July 1, 2004 was what I say was the best regular season game I ever saw. The Yanks and Red Sox played a true classic. Back and forth they went, the Yankees scored, the Red Sox answered. The Red Sox scored, the Yankees answered. A near triple play by A-Rod, Jeter diving into the stands to save the game in the 12th inning and coming up bloody, Manny Ramirez hit a monsterous homerun off of Tanyon Sturtze in the top of the 13th inning to put the Sox ahead, but in the bottom of the inning the Yanks were down to their last strike and started a rally. Ruben Sierra got a base hit up the middle, Miguel Cario delivered a clutch double that scored Sierra who never ran so fast in his life to tie the game and then John Flaherty got the game winning hit that bounced into the left field seats. Michael Kay called it the greatest game you’ll ever see. I agree.

– Perfect Strangers
David Wells threw a perfect game on on May 17, 1998 being hungover against the Minnesota Twins. A year later on July 18, 1999 on “Yogi Berra Day” at the Stadium, David Cone pitched a perfect game against the Montréal Expos. What made it even more amazing, Don Larsen threw out the first pitch that day to Yogi Berra in memory of the perfect game Larsen threw in the 1956 World Series.

– Happy Days Are Here Again: 1996
After years of chasing the rest of the league and trying to restore the Yankee name, this Yankee team led by rookie Derek Jeter, set up man Mariano Rivera, superstar Bernie Williams and ace David Cone, the Yankees were the toast of baseball again. They brought pride back to the pinstripes as they won their 23rd World Series on October 26th 1996 when Mark Lemke’s popup landed in Charlie Hayes’ glove. The celebration with John Wettland’s hand in the air signaling no. 1 and Paul O’Neill jumping on the mound of players and cartwheeling his way to the ground. As a 12-year old kid, I remember jumping so high I almost hit the ceiling and remember calling all my friends to share the glory of what I had saw. I never felt so prideful as I did that night. That night turned me into the huge Yankee fan that I am now.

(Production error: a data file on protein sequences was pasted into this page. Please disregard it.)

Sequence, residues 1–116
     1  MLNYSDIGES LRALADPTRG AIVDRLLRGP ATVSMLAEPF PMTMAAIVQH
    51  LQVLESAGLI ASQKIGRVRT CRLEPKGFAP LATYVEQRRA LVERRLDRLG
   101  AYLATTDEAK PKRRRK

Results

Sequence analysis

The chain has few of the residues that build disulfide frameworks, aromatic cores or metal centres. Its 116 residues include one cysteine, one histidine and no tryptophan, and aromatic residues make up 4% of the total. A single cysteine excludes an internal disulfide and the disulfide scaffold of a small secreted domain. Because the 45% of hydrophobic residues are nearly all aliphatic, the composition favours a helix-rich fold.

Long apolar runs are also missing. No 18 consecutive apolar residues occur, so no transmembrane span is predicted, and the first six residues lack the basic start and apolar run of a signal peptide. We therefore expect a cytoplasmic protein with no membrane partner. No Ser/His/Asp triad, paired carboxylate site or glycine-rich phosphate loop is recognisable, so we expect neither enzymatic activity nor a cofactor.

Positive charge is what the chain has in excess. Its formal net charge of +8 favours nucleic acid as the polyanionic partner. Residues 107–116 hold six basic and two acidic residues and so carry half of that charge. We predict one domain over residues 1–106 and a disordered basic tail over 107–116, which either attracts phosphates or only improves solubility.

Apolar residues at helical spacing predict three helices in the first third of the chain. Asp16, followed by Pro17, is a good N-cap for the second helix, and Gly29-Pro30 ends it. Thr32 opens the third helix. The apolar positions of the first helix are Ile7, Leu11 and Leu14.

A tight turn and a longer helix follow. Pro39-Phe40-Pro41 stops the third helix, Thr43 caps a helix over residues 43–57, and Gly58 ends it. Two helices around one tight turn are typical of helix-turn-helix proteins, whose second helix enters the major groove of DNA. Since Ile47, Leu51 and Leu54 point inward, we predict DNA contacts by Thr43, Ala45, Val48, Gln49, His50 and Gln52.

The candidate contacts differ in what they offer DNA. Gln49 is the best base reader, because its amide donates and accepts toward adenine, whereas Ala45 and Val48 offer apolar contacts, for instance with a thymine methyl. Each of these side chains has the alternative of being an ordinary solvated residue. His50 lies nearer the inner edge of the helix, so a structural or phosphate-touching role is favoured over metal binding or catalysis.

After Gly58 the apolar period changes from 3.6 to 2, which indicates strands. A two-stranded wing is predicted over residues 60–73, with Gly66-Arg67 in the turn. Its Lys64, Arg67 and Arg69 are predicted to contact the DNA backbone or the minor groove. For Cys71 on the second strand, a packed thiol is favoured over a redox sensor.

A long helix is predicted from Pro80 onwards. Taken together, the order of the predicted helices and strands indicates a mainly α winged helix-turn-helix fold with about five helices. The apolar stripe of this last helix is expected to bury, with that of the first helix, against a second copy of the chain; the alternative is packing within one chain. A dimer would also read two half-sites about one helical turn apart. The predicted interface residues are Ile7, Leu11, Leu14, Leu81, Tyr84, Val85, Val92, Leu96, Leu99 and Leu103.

Another 12 years later I am still the huge fan that jumped and screamed back in ’96. With the Stadium closing down, it’s a huge loss for me as well. I loved that place for so many reasons and tonight I will come to the reality that it’s time to move on and start anew with the place across the street. It’s going to beautiful there but it won’t be the same. I hope Yankee Stadium can give me one more magical moment tonight before it closes the book on it’s baseball history. It has to, it’s Yankee Bleeping Stadium. If it doesn’t I will still see it as the greatest place in the world, the way it’s suppose to be seen by all.

There are currently 4 responses to “QUITE FRANKLY: I’ll Always Remember Yankee Stadium”

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  1. 1 On September 21st, 2008, Kathy T. Fla. said:

    I REMBER YANKEE STADIUM AS A KID WHEN MY FATHER AND UNCLE USE TO GO TO ALL THE GAMES AND THEN COME HOME AND TELL US KIDS ALL ABOUT THE GAME. IT WAS SO EXCITING TO US BECAUSE THE YANKEES WERE LIKE THE MOST POPULAR TEAM IN THE WORLD TO US. Now i am 60 and there still the most exciting team in the world. We try to go to some of the games, but it is difficult now because we moved to fla. and since my dad has passed away, but we keep the tridition going. The games we can’t attend we are all gathered around the tv watching. GO YANKEES I feel sad about the stadium but in my opinion the house that babe built will now and always be the home of the yankees.

  2. 2 On September 24th, 2008, Kenny Johnson said:

    What a great evening but sad and “very new age Yankee like” to snub Joe Torre and Roger clemens from all aspects of the celebration. I’m a 39 year Yankee fan and I’ve never seen anything like what the insecure flailing fledging son Hank is doing to this team.

  3. 3 On September 24th, 2008, Rob Abruzzese said:

    Was Hank even there himself? I didn’t see him. I saw Hal and their sister.

  4. 4 On September 24th, 2008, gozer said:

    Agreed on the Torre snub, but given the way they handled his dismissal, not all that surprising. can’t blame them for pretending the rocket never happened. somewhere suzyn waldman just lost her wings.